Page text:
More recently, in order to optimize and standardize surface grafting efficiency and enhance surface activity, new linker molecules exposing –COOH (carboxylic groups) are under investigation.

  • Metallic substrates and nanoparticles (Ag, Au) are modified  by alkanethiols (-SH) The possibility to find these molecules with different chains lengths and end groups with specific chemical properties, with a higher versatility with respect to organosilanes makes them particularly suitable to act as cross-linker to anchor the biomolecules to the substrate.

As single strand DNA probes can be properly modified by –SH group, for metallic surface the chemical functionalization step can coincide with the bio-functionalization step, i.e. the immobilization of oligonucleotides specifically synthesized to hybridize a specific target (eg. ss-DNA, RNA, microRNA). In such cases, the both, alkanethiols and SH-modified oligonucleotide probes are mixed in order to get a suitable later spacing of bio-receptors thus favoring target recognition.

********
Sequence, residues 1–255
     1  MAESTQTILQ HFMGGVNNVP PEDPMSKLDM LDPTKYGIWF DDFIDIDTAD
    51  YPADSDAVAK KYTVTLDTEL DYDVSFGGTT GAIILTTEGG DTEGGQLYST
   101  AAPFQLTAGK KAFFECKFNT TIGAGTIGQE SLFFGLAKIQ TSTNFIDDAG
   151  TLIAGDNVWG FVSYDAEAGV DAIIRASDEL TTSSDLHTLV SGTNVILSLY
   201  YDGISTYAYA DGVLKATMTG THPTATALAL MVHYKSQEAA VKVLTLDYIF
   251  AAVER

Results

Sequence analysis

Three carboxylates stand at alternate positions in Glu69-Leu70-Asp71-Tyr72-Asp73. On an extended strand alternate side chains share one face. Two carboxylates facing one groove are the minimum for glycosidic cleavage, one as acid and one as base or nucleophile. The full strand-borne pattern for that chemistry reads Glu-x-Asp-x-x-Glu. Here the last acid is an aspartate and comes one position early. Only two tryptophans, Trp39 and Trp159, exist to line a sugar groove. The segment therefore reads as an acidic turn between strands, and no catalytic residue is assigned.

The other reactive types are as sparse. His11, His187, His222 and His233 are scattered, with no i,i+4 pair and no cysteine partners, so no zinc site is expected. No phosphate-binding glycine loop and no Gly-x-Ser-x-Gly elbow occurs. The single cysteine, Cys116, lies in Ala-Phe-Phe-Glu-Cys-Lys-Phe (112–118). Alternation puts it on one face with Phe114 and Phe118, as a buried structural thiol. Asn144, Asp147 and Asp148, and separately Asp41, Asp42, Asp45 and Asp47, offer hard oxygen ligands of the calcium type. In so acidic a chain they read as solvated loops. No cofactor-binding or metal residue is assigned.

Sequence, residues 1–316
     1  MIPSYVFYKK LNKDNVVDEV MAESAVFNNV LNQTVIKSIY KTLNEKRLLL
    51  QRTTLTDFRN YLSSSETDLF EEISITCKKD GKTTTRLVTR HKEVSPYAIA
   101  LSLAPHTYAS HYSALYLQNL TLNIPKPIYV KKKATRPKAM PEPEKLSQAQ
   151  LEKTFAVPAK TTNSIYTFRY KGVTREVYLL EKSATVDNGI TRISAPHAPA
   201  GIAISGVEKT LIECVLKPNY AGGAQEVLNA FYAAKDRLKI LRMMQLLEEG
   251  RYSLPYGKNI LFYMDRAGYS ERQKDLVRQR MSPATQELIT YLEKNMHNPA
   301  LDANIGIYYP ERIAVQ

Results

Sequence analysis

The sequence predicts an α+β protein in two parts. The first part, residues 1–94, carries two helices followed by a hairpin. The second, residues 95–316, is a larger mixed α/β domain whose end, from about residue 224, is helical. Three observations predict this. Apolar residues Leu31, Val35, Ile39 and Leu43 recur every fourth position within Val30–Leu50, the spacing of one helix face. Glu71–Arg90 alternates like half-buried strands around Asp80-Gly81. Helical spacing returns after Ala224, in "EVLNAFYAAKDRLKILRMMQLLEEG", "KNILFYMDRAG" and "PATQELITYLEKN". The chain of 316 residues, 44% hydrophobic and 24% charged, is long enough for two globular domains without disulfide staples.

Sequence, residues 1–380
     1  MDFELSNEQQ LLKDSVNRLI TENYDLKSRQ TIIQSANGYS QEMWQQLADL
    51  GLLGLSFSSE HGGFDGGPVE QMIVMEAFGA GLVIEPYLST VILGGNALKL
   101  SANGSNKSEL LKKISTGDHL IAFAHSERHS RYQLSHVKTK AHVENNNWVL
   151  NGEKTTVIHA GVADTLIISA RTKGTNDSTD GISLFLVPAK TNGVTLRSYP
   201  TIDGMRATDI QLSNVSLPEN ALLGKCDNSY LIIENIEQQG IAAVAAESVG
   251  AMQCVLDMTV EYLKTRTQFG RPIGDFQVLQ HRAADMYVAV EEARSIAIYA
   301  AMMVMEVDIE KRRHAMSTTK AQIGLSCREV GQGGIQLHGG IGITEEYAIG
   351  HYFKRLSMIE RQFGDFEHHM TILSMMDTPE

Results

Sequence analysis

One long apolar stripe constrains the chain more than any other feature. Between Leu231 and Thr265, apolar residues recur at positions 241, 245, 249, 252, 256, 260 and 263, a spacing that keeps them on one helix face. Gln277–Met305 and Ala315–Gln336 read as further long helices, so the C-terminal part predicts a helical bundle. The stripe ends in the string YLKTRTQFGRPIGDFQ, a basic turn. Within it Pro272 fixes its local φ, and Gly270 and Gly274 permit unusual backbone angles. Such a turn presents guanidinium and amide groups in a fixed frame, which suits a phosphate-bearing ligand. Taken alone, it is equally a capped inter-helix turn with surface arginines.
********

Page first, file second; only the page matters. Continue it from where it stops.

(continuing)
More recently, functional organic coating deposition by means of Plasma Polymerization have been studied and developed in order to modify the surface of very different materials by introducing monotype function groups without the need of a specific chemical binding with the surface (no-dependence on chemistry).

In particular, the efforts have been focused on  thin polymeric films (10-100nm), characterized by high density of carboxylic functional groups, obtained by plasma polymerization of monomeric compounds such as acrylic acid – AA (CH2=CHCOOH), compatible, due to the optical characteristics, with biophotonics.